Nature and Nurture in the Intergenerational Transmission of Socioeconomic Status: Evidence from Swedish Children and Their Biological and Rearing Parents
This study uses an extraordinary Swedish data set to explore the sources of the intergenerational transmission of socioeconomic status. Merging data from administrative sources and censuses, we investigate the association between sons' and daughters' socioeconomic outcomes and those of their biological and rearing parents. Our analysis focuses on children raised in six different family circumstances: raised by both biological parents, raised by the biological mother without a stepfather, raised by the biological mother with a stepfather, raised by the biological father without a stepmother, raised by the biological father with a stepmother, and raised by two adoptive parents. Relative to the existing literature, the most remarkable feature of our data set is that it contains information on the biological parents even when they are not the rearing parents. We specify a simple additive model of pre-birth (including genetic) and post-birth influences and examine the model's ability to provide a unified account of the intergenerational associations in all six family types. Our results suggest substantial roles for both pre-birth and post-birth factors.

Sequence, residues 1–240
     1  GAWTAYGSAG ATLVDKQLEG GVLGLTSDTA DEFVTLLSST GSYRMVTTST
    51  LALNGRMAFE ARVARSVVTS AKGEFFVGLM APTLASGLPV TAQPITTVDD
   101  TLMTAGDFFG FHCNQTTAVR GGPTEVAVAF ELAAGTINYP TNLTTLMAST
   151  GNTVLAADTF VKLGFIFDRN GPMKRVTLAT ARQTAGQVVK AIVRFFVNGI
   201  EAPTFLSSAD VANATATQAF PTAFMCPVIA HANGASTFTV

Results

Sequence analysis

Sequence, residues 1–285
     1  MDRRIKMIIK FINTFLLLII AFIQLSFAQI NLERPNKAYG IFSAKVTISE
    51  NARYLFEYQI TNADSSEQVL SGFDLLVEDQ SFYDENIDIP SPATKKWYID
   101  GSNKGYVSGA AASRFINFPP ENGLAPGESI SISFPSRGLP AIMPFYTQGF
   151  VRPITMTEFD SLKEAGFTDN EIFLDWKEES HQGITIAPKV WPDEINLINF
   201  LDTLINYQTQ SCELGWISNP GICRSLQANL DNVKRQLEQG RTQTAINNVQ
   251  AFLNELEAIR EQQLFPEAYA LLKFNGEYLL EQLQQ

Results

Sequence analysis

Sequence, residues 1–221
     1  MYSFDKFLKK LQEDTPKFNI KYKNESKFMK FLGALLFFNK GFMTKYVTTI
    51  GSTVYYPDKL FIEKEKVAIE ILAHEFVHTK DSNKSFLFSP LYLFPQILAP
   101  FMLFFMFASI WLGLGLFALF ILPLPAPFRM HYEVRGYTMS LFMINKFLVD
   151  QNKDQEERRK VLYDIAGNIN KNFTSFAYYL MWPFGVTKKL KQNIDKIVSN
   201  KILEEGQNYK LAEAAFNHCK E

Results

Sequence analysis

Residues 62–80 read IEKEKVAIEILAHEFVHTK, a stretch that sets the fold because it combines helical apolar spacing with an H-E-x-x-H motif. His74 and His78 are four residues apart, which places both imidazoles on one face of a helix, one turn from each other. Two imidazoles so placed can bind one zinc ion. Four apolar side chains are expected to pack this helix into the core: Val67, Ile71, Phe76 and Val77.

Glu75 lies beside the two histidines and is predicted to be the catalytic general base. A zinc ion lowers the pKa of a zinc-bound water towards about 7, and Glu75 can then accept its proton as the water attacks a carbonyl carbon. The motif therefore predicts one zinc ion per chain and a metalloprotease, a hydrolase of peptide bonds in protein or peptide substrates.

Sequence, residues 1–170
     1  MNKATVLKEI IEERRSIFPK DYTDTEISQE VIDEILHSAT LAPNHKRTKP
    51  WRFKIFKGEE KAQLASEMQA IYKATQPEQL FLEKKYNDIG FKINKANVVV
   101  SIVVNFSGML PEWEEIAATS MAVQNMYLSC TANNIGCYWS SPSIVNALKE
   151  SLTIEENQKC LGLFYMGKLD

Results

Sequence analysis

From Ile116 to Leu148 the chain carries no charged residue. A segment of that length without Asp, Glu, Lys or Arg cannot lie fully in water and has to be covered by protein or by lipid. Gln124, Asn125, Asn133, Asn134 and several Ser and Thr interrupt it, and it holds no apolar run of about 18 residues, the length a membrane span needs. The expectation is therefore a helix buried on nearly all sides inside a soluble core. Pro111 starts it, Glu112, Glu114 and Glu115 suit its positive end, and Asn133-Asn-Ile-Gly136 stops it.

Volume (Year): 7 (2007)
Issue (Month): 2 (November)
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References listed on IDEAS
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- Anders Björklund & Mikael Lindahl & Erik Plug, 2006.
"The Origins of Intergenerational Associations: Lessons from Swedish Adoption Data,"
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- Bruce Sacerdote, 2000. "The Nature and Nurture of Economic Outcomes," NBER Working Papers 7949, National Bureau of Economic Research, Inc.
- Erik Plug & Wim Vijverberg, 2005. "Does Family Income Matter for Schooling Outcomes? Using Adoptees as a Natural Experiment," Economic Journal, Royal Economic Society, vol. 115(506), pages 879-906, October.
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- Bjorklund, Anders & Chadwick, Laura, 2003. "Intergenerational income mobility in permanent and separated families," Economics Letters, Elsevier, vol. 80(2), pages 239-246, August. Full references (including those not matched with items on IDEAS)
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